- Pfizer will offer early retirement incentives to some employees before beginning a series of layoffs that will cause the pharmaceutical giant's workforce to shrink by "a couple percentage points," a company spokesperson confirmed to BioPharma Dive on Thursday.
- For a company that employs roughly 90,000 people, that suggests about 1,800 staff will be affected by this workforce shrinkage, set for early 2019. CNBC was first to report the news.
- "As we prepare for growth, we're creating a simpler, more efficient structure, which will affect some managerial roles and responsibilities," Pfizer spokesperson Sally Beatty wrote in an emailed statement. "We're offering enhancements to certain benefits to lessen this effect."
It has become a year of substantial corporate changes for Pfizer.
In April, the pharma giant signed a 20-year lease for a new corporate headquarters in Manhattan, with plans to gradually move into the site through 2022.
Then, Pfizer rolled out a reorganization plan in July to establish three business units for innovative medicine, established products and consumer health. The company continues to look to sell off its consumer health business, and originally announced it was looking at strategic alternatives in October 2017.
Most recently, at the beginning of this month, the company said its longtime leader Ian Read will be stepping down effective Jan. 1, 2019. Albert Bourla, currently the pharma's chief operating officer, will become CEO then.
He'll take over just as these planned workforce reductions begin to take effect.
Pfizer will report third quarter performance on Oct. 30, and its earnings call will be one to watch out for, as the company will ostensibly field investor questions on where all these decisions will lead it in the future.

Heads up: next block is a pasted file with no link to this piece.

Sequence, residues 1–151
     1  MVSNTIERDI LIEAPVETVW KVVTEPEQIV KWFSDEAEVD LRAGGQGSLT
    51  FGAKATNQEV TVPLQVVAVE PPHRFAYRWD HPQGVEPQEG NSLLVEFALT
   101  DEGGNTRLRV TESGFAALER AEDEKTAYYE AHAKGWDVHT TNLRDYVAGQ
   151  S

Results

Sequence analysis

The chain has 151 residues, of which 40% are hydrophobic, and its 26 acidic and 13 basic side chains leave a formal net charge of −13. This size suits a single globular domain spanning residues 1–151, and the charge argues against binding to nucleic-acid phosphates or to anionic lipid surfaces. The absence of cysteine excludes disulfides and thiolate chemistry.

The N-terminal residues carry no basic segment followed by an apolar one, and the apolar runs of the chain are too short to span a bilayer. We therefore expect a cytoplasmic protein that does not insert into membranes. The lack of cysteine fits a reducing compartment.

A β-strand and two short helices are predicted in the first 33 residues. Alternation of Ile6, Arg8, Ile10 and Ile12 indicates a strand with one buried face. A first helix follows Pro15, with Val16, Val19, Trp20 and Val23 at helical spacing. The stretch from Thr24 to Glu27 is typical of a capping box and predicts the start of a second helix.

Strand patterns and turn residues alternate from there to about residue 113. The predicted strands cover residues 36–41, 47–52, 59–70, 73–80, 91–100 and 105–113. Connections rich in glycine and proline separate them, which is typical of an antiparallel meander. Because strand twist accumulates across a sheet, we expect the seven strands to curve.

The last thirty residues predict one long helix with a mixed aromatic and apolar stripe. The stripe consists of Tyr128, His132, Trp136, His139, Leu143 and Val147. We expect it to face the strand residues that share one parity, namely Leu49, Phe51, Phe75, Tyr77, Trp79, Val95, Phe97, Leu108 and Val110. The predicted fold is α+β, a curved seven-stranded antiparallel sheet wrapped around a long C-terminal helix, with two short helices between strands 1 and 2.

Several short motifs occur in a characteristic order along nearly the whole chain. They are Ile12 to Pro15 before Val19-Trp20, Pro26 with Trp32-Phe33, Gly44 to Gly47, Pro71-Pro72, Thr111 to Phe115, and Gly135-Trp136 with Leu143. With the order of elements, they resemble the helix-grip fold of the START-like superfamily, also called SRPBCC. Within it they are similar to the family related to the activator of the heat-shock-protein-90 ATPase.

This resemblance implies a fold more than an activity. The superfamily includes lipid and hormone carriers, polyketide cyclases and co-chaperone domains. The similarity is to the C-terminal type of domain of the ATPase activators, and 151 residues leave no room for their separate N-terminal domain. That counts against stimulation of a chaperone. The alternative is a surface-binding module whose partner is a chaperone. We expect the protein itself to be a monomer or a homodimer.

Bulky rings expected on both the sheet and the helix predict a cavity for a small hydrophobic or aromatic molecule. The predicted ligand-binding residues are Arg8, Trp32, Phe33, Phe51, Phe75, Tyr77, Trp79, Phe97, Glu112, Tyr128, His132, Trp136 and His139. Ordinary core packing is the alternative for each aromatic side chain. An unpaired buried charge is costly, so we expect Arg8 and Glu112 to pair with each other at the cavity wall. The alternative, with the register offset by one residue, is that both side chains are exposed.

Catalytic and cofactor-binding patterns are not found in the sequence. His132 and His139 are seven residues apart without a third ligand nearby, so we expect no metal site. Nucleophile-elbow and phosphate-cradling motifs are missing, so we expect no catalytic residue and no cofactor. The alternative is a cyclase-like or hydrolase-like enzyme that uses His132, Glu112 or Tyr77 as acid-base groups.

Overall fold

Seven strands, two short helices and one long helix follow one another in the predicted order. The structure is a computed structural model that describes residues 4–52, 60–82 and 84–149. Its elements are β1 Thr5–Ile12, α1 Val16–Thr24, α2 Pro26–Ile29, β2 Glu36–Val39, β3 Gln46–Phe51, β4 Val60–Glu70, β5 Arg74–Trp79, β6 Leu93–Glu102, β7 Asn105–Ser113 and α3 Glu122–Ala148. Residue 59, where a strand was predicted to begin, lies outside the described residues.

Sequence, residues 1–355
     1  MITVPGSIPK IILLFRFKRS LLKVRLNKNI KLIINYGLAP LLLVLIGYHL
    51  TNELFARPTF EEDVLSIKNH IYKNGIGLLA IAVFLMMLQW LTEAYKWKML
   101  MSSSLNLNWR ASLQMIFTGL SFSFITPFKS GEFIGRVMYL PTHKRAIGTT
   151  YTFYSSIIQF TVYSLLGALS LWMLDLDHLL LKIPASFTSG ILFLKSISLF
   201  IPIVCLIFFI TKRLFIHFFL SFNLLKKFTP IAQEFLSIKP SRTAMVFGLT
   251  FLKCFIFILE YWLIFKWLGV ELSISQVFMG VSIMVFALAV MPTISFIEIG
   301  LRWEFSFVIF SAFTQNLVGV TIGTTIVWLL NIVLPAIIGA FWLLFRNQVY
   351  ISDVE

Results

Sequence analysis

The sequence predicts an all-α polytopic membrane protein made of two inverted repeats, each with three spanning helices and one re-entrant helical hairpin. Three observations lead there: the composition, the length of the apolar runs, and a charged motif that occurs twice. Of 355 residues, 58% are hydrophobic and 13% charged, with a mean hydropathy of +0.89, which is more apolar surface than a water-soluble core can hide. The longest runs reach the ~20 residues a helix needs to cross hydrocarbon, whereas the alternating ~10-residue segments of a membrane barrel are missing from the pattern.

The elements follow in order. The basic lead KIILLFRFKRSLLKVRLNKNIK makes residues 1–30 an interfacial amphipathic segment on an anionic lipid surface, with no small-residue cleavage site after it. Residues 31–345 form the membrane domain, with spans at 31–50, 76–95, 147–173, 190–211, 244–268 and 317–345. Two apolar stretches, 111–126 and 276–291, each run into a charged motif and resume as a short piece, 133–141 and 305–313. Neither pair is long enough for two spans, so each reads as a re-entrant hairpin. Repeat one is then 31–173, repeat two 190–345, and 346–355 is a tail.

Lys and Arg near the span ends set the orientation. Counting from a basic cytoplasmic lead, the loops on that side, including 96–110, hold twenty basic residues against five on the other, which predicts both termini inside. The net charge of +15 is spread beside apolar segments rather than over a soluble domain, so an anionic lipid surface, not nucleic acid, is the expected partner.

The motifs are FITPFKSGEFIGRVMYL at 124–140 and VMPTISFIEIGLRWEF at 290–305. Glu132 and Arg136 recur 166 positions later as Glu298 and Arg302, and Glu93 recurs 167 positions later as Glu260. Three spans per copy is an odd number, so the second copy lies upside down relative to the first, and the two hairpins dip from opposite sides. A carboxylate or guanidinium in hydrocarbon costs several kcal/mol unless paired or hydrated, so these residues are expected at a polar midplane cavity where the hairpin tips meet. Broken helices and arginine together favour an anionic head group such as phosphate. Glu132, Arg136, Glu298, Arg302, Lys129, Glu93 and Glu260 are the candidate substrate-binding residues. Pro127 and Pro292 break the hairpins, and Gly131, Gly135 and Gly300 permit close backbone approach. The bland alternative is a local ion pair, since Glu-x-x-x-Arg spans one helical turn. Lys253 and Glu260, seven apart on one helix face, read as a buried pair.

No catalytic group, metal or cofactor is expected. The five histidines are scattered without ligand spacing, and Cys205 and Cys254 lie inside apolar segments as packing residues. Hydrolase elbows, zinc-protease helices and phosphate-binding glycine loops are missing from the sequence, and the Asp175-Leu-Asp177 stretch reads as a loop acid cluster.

Bourla will have his hands full in managing Pfizer's own initiatives in 2018, while needing to keep an eye on a White House that's become increasingly critical of drugmakers like Pfizer.
Over this summer, President Donald Trump attacked Pfizer in a public spat that ended in the pharma rolling back price hikes for roughly 40 drugs.
An administration proposal released this week that seeks to require list prices in television drug ads would also impact Pfizer in particular, as the company is among the largest spenders on direct-to-consumer TV marketing.
CNBC got specifics on the company's plan from an obtained internal email that Pfizer declined to share. The company did not, however, dispute the accuracy of the reported details.
"As we simplify the organization to avoid duplication, create single points of accountability and reduce the number of layers within teams, there will be an impact to some managerial roles and responsibilities across the organization," Pfizer said in internal documents explaining the decision to employees, according to CNBC.
According to CNBC's report, the voluntary early retirement option will increase the severance payout to 12 weeks of base salary plus three weeks of salary for every year of work, up to 104 weeks.
"This is about creating a simpler, more efficient structure and not achieving cost savings," Beatty noted.